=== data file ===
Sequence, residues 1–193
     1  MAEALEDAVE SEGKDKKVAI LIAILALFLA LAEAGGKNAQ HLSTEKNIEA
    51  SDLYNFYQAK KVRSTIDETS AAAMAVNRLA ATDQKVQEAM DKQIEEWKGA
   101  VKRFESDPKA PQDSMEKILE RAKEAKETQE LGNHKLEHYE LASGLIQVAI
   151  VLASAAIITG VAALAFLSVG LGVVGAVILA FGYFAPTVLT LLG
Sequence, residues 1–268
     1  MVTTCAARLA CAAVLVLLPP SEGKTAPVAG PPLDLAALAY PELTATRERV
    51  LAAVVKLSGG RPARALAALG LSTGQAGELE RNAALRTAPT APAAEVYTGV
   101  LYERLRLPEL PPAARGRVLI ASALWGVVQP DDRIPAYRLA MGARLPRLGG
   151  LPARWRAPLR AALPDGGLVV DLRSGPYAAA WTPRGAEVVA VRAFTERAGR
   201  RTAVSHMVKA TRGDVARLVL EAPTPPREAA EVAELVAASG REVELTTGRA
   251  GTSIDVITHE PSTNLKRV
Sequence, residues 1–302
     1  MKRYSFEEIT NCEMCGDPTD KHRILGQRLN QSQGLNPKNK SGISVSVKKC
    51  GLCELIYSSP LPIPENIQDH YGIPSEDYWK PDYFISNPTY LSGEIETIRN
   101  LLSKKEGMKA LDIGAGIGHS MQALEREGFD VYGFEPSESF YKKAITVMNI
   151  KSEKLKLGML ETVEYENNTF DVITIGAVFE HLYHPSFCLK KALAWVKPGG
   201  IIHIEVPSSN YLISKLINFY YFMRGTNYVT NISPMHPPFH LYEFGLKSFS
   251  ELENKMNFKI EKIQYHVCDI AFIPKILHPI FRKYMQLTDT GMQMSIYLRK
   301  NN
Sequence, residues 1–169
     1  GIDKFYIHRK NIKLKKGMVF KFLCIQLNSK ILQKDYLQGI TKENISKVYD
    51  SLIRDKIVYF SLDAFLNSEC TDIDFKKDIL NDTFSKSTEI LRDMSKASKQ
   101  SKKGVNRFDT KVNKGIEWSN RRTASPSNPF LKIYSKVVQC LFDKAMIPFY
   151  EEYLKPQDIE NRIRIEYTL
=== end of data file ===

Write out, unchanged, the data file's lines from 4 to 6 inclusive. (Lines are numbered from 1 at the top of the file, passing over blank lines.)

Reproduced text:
   101  VKRFESDPKA PQDSMEKILE RAKEAKETQE LGNHKLEHYE LASGLIQVAI
   151  VLASAAIITG VAALAFLSVG LGVVGAVILA FGYFAPTVLT LLG
Sequence, residues 1–268